According to a press release from JonasPhilanthropies.com, “The organization’s new model will invest where it matters most – meeting needs of the country’s most vulnerable citizens with high-impact solutions to transform healthcare.”
The Jonases have always had a deep passion for the nursing industry and its integral role as the backbone of the American healthcare system. Their venture began over a decade ago when they decided to sell their impressive art collection to fund the basic human needs of healthcare through their first philanthropic organization, the Jonas Center for Nursing and Veterans Healthcare.
Their impact spans the country, funding more than 1,000 doctoral nursing scholars to help care for the most vulnerable populations and improve care for veterans. They have since expanded to help support low vision and blindness and children’s environmental health.
Donald Jonas, Co-founder and President of Jonas Philanthropies, says, “Jonas Philanthropies is an evolution of our work and personal passion, but it also reflects the broader needs of the healthcare industry, which will help ensure its impact and scalability for generations to come. We are incredibly excited to celebrate this next chapter.”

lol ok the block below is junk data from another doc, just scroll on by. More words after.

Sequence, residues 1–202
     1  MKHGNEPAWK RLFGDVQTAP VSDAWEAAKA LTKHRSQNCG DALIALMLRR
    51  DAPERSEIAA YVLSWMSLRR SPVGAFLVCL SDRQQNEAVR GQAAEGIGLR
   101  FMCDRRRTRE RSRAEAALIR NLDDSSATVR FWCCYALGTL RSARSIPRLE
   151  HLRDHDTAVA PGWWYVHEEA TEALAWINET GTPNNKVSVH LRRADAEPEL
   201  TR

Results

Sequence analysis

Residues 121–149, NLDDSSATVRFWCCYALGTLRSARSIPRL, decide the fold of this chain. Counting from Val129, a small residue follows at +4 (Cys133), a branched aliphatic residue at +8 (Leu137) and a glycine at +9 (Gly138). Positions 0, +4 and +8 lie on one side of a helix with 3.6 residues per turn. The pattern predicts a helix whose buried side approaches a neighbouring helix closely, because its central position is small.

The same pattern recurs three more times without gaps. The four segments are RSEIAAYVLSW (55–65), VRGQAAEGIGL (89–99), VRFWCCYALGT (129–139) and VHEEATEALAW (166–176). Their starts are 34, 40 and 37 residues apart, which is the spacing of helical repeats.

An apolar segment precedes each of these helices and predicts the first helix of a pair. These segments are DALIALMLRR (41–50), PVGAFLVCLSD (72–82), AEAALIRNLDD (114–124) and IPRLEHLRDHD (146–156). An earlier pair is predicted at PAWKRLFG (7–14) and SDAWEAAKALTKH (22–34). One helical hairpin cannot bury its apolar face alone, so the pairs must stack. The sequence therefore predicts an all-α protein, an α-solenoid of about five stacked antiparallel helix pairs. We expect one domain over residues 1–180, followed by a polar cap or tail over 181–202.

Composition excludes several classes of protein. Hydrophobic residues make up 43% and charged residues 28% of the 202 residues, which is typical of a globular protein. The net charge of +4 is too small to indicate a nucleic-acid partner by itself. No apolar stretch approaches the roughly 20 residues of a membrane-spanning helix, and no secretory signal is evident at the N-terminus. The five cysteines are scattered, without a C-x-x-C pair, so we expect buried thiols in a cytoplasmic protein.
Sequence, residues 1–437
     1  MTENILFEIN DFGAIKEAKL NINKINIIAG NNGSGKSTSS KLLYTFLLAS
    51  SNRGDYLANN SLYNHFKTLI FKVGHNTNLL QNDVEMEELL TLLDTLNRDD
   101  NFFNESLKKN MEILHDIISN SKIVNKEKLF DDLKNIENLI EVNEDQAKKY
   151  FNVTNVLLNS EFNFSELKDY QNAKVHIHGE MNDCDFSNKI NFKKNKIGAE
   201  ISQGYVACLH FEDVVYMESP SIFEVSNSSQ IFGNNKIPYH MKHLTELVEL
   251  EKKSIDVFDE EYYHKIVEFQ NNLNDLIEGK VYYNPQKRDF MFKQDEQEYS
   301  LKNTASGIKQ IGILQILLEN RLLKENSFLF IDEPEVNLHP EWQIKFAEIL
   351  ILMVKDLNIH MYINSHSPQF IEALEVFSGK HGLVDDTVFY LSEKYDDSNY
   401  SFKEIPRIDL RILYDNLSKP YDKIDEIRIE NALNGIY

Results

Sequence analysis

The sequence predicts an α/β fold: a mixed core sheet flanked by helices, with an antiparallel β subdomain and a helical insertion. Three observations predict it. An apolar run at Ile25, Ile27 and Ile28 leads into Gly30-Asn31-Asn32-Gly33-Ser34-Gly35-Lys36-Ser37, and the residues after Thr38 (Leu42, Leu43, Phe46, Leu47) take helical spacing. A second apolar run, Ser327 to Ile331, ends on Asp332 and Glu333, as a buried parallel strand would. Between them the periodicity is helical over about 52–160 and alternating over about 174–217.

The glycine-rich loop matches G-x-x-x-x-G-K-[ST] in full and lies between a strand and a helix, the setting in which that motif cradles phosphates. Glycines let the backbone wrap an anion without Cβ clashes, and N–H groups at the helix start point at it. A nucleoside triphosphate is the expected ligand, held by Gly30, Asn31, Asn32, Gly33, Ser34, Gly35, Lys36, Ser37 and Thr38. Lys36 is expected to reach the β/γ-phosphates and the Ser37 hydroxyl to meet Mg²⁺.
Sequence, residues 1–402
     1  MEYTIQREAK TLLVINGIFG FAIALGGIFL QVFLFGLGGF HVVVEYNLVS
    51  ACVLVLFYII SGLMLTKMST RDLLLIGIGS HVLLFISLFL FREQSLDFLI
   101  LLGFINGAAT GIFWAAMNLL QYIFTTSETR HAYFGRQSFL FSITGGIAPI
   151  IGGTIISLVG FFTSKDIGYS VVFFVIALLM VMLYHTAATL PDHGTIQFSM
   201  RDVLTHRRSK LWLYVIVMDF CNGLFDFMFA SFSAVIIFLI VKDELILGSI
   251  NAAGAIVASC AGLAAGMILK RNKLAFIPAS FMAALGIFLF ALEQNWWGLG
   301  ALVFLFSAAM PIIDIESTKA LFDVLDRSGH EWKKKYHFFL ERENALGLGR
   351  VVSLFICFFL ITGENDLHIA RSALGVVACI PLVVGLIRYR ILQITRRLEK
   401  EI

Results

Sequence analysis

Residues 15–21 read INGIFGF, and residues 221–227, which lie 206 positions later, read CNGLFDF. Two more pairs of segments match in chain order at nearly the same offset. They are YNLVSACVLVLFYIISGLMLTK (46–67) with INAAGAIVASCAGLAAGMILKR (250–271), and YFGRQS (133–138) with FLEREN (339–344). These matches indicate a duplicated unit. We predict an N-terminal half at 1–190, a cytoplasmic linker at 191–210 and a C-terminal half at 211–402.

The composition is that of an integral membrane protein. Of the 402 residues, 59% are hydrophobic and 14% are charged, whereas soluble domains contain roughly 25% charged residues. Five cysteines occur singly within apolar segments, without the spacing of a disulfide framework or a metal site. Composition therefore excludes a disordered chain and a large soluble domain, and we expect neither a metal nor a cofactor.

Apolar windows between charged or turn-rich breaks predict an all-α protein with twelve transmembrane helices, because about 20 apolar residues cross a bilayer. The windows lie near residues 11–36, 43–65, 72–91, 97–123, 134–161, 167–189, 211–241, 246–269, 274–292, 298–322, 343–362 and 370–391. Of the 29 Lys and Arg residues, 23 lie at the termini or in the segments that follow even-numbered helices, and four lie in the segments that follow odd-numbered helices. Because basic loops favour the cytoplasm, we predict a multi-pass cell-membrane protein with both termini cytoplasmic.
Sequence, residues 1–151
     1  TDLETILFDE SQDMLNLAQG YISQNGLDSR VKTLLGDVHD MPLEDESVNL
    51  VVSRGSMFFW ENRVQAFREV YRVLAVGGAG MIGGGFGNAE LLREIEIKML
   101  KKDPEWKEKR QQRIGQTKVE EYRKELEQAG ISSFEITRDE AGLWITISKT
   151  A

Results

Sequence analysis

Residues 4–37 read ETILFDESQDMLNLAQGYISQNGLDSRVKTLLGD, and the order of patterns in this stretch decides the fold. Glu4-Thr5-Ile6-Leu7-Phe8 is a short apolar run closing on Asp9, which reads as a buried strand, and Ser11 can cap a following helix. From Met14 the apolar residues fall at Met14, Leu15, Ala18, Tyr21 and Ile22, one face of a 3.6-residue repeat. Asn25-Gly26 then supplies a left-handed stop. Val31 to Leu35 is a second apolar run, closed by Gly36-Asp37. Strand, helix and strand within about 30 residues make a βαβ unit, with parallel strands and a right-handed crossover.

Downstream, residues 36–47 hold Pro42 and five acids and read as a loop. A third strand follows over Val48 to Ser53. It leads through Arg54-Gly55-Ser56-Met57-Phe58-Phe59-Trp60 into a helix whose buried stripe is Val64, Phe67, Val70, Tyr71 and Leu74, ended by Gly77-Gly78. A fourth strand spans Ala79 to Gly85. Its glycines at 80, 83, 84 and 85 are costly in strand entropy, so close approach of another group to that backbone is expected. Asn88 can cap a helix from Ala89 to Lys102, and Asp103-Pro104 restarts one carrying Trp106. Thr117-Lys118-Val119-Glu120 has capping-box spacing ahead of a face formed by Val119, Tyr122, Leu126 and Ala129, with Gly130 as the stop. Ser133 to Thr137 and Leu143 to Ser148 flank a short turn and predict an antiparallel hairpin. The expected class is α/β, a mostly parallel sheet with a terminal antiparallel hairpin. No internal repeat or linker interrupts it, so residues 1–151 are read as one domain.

Their new name, Jonas Philanthropies, represents their expansion beyond nursing and veterans care. To learn more about Jonas Philanthropies and their impact on the field of nursing, visit here.
As the long history of sexual harassment in Hollywood continues to come to light, many other fields are beginning to speak up as well, including the nursing profession. This female-dominated field is not immune to the nationwide issue of sexual assault.
Experts put some of the blame for sexual harassment against nurses on the sexualization of nurses by the media. Sexual harassment of nurses can vary from offensive jokes and sexual comments to unwanted patient advances and hospital physicians assaulting their employees.
Several nurse organizations have published coverage on this issue, including the American Nurses Association (ANA) Position Statement:
“ANA is deeply committed to the principles of civil rights and opposes any form of discrimination against individuals or groups of individuals based on sex, race, age, national origin, religion, disability, or sexual orientation. ANA believes that nurses and students of nursing have a right to and responsibility for a workplace free of sexual harassment. Sexual harassment has an adverse impact on the health care environment.”